Unlike many other immensely popular writers, James Carroll is not a household name. Perhaps his books are not on the echelon of best seller lists, nor he comes frequently in news media for scandalous wisdom. Each week his one column gets published in The Boston Globe, and each of them brings observations so deep and profound that for a careful reader his words, metaphors and painstaking presentations of reality in crisp but penetrating language are like a "golden compass" that may guide a "lost soul" from indirection to "destiny".

This week James Carroll writes about imperfection that relates to human hope and universality. Here are a few memorable quotes from this must read article:

"People who benefit from an imperfect power structure speak warmly of love, while those who suffer from it angrily demand justice.

But the deeper question goes to the human condition itself: In our unending quest for a better world, how do we deal with the inevitably flawed character of every society, and of every citizen? How does each of us deal, that is, with the inevitable complicity of our leadership - our preachers, our politicians - in what ails society? How do we deal with our own complicity?

One answer has been denial."

Self denial is the single most powerful tool available for us the imperfect mortals, that brings the necessary convenience in overlooking all the grotesque misdeeds, injustice, discriminations and even blatant criminality performed by our fellow human beings, or even our own complicity in the participation of mutilation of our self proclaimed upright senses for the sake of comfortable delusion, these are all part of our boasted humanity!

When the leaders are chosen by people, hopes for a better world are bestowed on these leaders in the hope that they are wise and will make correct decisions. However, "The empowered may begin as wise rulers, philosopher kings or benign dictators, but their governance inevitably shows itself to be totalitarian. Every command society assumes that some individual - or some collective - is capable of perfection, while the mass of ordinary people are not. This construct defines, say, the "dictatorship of the proletariat," with absolute power exercised by the Communist Party, but it also points to the universal human tendency to assume that the holders of power are better than others."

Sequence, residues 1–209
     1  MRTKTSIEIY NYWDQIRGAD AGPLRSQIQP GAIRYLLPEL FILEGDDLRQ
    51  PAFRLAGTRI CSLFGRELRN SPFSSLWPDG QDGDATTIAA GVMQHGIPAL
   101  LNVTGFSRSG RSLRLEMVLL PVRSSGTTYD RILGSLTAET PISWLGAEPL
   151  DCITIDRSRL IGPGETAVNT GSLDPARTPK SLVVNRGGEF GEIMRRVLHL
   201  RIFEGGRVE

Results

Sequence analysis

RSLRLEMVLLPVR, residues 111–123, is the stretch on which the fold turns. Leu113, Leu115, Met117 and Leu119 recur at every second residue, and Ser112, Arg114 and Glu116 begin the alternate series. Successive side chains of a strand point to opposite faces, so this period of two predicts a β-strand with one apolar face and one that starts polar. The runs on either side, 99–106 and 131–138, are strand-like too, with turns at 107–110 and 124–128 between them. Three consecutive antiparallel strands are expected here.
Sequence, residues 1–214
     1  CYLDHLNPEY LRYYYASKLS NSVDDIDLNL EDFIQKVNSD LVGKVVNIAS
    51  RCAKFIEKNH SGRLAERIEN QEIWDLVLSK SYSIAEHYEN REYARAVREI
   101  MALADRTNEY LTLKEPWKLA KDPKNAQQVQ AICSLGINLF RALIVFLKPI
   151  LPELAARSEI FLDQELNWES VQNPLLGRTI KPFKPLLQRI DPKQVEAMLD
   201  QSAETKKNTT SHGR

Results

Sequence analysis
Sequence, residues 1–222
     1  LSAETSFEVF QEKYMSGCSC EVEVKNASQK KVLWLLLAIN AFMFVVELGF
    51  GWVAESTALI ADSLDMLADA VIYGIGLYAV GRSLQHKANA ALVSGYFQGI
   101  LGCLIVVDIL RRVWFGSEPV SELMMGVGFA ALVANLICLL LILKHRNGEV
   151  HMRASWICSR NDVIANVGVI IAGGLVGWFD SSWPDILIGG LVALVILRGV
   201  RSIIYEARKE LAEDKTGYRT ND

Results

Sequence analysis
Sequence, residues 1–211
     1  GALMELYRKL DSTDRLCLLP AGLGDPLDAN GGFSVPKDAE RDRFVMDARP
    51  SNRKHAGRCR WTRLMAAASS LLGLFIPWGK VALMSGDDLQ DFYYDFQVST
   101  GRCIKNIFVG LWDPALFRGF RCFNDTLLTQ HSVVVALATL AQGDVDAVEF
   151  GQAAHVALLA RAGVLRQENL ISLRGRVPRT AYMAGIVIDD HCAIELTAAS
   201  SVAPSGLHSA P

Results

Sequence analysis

Here is the link to James Carroll's article:
Hope and the universality of human imperfection

Saturday, March 15, 2008

A Free Spirited Wonderer

“She gave us a very broad understanding of the world,” her daughter said. “She hated bigotry. She was very determined to be remembered for a life of service and thought that service was really the true measure of a life.”

Above quote is about Barack Obama's mother, Stanley Ann Dunham Soetoro, who "felt that somehow, wandering through uncharted territory, we might stumble upon something that will, in an instant, seem to represent who we are at the core,” said Maya Soetoro-Ng, Mr. Obama’s half-sister. “That was very much her philosophy of life — to not be limited by fear or narrow definitions, to not build walls around ourselves and to do our best to find kinship and beauty in unexpected places.”

The more I read about this gracious woman who died in 1995 from cancer, the more aura of this kind hearted human being becomes clearer, who was a "free spirited wonderer", who "married an African student at age 18. Then she married an Indonesian, moved to Jakarta, became an anthropologist, wrote an 800-page dissertation on peasant blacksmithing in Java, worked for the Ford Foundation, championed women’s work and helped bring microcredit to the world’s poor."

Janny Scott's article "A Free Spirited Wonderer Who Set Obama's Path" in The New York Times is a good read.

Carl Sagan Speaks




Video Link: http://www.youtube.com/watch?v=VuJ3Tjj40P8

Friday, March 14, 2008

Surf, Sand, and Shipwrecks

We were huddled, as if for warmth, each with hands hidden in pockets, heads inclined, an accidental posture of prayer. Our awed silence was as striking to me as the object of our contemplation, and I realized that our long-gone humanoid ancestors had come into self-awareness precisely in such circles of meditation. "There are two kinds of skippers," an old Maine lobsterman said to me once. "Them that's run aground. And them that's gonna."
Even a simple solitary walk on the winter beach by James Carroll provides a glimpse in humane universality, tied in one common destination of mortality.

To behold a shipwreck is to stand before the common fate of every living thing, but to behold it in the company of fellow humans is to stand with the only other creatures who know what it means. Therefore - intimacy. Awe and trembling. Acceptance. Gratitude. It was not the walk on the beach I set out for, but it was the one I wanted.

Thursday, March 13, 2008

Keith Olbermann: Special Comment on Hillary Clinton

Keith Olbermann doesn't endorse either Clinton or Obama, but he is clear in his condemnation on "bitter" comment by Ferraro, pointing to Hilary that she is acting like a "Republican" not like a "Democrat". Democrats are seem to be tearing themselves apart, while main beneficiaries are Republican McCain sharpening his tone and words for the Fall campaign against the potentially weak democrat.

Video Link: http://youtube.com/watch?v=qXBXD2zizIY

10 Emerging Technologies 2008

MIT's 10 Emerging Technologies in 2008 delves into some really magnificent technologies, giving us peak to not so distant future. Click on the link below to check out the list:

Technology Review: 10 Emerging Technologies 2008